Social Impact Bonds 102


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As a follow up to our 2/26/14 webinar, Social Impact Bonds 101, Robert Esposito and Shawn Pelsinger, two NYU Law and Social Enterprise Fellows, joined us to expand upon our original discussion with a deeper look into the growth of SIB's in the Unites States and the implications for the philanthropic sector. Our two experts took us through a number of recent developments around SIB's in the U.S., including the fate of guarantors, the growth of multiple-funding sources, the expanding position of investment banks for financing and the ultimate role of foundations and philanthropy. This was the second webinar in a four-part series with Public Allies.

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Social Impact Bonds 102

  1. 1. SOCIAL  IMPACT  BONDS  201   Shawn  Pelsinger,  Esq.  &  Robert  T.  Esposito,  Esq.  
  2. 2. Overview   ! Quick  Review  of  Social  Impact  Bonds   ! The  Growing  Number  of  SIB  Investors   ! Government  Procurement     ! SIBs  Beyond  the  Social  Sector  
  3. 3. Quick  Review  of  Social  Impact  Bonds   !  A  Social  Impact  Bond  is  an  innovaOve  financing  mechanism  for  Pay-­‐ For-­‐Success  contracts  that  is  designed  to  shiS  risk  away  from   government,  and  towards  private-­‐sector  capital  to  fund  effecOve   social  service  programs.    The  government  only  pays  if  these   programs  achieve  predetermined,  measurable  goals.   !  A  SIB  is  a  mul,stakeholder  partnership  in  which  philanthropic   funders  and  impact  investors  –  not  governments  –  take  on  the   financial  risk  of  expanding  proven  social  programs.    Nonprofits   deliver  the  social  program  to  more  people  who  need  it;  the   government  pays  only  if  the  program  succeeds.  –  McKinsey,   Financing  Social  Change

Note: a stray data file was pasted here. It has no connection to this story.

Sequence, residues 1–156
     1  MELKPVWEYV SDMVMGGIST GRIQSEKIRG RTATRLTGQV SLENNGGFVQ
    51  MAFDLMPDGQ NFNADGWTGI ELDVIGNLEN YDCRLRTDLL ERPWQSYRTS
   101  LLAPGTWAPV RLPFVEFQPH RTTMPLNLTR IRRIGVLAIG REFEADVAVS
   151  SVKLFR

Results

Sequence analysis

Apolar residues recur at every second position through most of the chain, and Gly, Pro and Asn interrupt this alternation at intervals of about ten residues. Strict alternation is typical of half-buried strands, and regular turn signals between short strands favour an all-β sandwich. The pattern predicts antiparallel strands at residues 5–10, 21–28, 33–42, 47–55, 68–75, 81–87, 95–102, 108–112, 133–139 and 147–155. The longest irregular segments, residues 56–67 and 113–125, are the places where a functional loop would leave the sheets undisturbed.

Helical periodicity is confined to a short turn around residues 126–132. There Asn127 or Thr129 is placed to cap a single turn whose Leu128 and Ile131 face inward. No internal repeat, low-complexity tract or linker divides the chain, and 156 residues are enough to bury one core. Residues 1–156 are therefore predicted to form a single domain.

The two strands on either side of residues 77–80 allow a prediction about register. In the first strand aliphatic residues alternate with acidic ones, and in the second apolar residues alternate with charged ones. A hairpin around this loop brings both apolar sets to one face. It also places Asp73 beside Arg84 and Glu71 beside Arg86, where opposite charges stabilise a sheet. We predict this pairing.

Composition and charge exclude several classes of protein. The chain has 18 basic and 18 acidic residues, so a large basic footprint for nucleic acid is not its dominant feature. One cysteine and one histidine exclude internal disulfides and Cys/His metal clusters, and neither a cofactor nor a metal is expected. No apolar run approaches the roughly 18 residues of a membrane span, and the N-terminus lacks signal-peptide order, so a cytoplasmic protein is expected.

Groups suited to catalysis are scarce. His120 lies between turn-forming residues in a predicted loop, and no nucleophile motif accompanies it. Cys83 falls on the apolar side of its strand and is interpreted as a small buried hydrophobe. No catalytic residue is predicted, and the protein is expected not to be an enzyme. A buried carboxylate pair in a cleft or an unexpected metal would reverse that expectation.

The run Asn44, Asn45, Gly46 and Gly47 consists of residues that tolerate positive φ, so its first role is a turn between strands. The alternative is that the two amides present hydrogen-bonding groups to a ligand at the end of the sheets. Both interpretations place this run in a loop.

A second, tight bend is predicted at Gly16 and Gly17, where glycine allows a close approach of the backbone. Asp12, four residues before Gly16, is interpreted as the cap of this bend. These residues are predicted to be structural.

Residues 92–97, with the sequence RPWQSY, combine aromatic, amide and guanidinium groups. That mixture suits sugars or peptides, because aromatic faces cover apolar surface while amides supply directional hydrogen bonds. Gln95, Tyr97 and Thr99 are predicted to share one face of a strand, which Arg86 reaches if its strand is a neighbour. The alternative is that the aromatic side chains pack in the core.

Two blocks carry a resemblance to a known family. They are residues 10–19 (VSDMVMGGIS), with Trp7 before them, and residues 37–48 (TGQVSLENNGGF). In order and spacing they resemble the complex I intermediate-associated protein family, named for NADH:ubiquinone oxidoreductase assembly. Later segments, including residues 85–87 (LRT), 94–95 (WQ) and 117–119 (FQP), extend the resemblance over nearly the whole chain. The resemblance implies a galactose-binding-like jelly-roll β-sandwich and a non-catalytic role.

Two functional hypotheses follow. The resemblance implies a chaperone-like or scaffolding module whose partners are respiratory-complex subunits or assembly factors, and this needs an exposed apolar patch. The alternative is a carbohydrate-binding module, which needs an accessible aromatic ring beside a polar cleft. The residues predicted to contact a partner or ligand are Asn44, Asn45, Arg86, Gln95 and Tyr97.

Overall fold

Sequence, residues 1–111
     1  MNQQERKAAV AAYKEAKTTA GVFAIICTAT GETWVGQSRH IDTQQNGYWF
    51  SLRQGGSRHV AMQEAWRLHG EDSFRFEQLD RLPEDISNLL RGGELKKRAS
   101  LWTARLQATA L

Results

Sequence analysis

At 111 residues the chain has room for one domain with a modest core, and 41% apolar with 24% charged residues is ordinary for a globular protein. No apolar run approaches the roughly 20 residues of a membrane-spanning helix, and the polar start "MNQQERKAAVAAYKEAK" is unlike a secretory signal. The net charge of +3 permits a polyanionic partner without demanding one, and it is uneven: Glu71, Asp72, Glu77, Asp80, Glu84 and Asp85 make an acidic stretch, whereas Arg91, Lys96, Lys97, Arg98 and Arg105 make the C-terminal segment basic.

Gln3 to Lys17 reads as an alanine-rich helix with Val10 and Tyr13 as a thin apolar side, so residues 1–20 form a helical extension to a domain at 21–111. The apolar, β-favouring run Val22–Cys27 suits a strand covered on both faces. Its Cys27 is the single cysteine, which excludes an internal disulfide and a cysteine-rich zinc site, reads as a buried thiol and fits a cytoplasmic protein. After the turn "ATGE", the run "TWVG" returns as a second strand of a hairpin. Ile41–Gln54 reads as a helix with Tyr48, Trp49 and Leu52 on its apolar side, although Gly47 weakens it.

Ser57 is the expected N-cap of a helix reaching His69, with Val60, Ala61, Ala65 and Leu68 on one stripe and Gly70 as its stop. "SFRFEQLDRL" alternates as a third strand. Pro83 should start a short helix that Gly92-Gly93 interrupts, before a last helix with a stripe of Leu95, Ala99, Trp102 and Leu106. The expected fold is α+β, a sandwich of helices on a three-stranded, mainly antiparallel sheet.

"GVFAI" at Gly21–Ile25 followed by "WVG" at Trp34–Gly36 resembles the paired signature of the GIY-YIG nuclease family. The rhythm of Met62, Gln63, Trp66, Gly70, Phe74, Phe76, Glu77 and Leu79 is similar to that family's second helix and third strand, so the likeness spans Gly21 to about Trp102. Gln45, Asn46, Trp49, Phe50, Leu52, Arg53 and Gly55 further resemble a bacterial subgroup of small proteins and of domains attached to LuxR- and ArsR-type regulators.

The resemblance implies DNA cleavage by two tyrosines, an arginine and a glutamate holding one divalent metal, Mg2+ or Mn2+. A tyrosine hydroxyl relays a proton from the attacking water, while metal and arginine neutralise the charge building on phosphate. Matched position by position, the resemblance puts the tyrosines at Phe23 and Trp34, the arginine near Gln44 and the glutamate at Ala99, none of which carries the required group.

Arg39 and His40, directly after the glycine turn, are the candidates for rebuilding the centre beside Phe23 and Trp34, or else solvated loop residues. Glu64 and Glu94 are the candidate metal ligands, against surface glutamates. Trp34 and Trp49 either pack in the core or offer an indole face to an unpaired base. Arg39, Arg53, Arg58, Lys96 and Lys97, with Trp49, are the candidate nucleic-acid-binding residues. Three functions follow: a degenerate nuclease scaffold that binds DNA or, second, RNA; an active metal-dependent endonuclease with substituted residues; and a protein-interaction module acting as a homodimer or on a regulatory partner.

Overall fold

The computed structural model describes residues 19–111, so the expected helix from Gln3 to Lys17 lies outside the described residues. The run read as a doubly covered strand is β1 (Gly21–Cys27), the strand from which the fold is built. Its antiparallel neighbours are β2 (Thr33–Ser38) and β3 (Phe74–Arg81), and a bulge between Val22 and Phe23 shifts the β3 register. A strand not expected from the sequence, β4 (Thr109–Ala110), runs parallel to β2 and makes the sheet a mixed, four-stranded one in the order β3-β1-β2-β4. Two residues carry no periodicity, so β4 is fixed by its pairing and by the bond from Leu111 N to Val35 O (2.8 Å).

4. 4. Quick  Review  of  Social  Impact  Bonds   !  Key  Features   !  Limited  control  on  how  external  organizaOon  carries   out  task;   !  Government  cooperaOon  with  external  organizaOon;   !  Agreed  upon  target  populaOon  and  success  metrics;   !  Payments  conOngent  upon  hiZng  targets  
  5. 5. Quick  Review  of  Social  Impact  Bonds   Credit:  Social  Finance,  2014  
  6. 6. The  Growing  Number  of  SIB  Investors   !  Single  Investor   !  Private  Investors   !  Government  Investor   !  Service  Provider  Investors   !  Retail  Investors   Overview  
  7. 7. SIB  Investors:  The  Single  Investor  +  Guarantee   !  The  Rikers  Island  SIB,  funded  enOrely  by  Goldman   Sachs  Urban  Investment  Group  ($9.3M)   !  Bloomberg  Philanthropies  guaranteed  75%  of   Goldman  Sachs’  investment  
  8. 8. SIB  Investors:  The  Single  Investor  +  Subordinated   Debt   !  Goldman  Sachs  provided  an  iniOal  investment  of   $4.6  million.     !  Philanthropist  J.B.  Pritzker  has  contributed  an   addiOonal  $2.4  million  investment  in  the  form  of  a   subordinated  loan  to  reduce  risk  to  Goldman  Sachs.  
  9. 9. SIB  Investors:  Government  Investor   !  The  Massachusejs  SIB   !  Juvenile  JusOce  Pay  for  Success  IniOaOve  will  target  at-­‐ risk  young  men  in  the  probaOon  system   !  $11.7  million  grant  awarded  by  the  U.S.  Department   of  Labor     !  The  London  SIB   !  Department  for  CommuniOes  and  Local  Government   (DCLG)  provided  £5M  in  funding  to  improve  outcomes   for  a  group  of  831  persistent  homeless  residents  in   London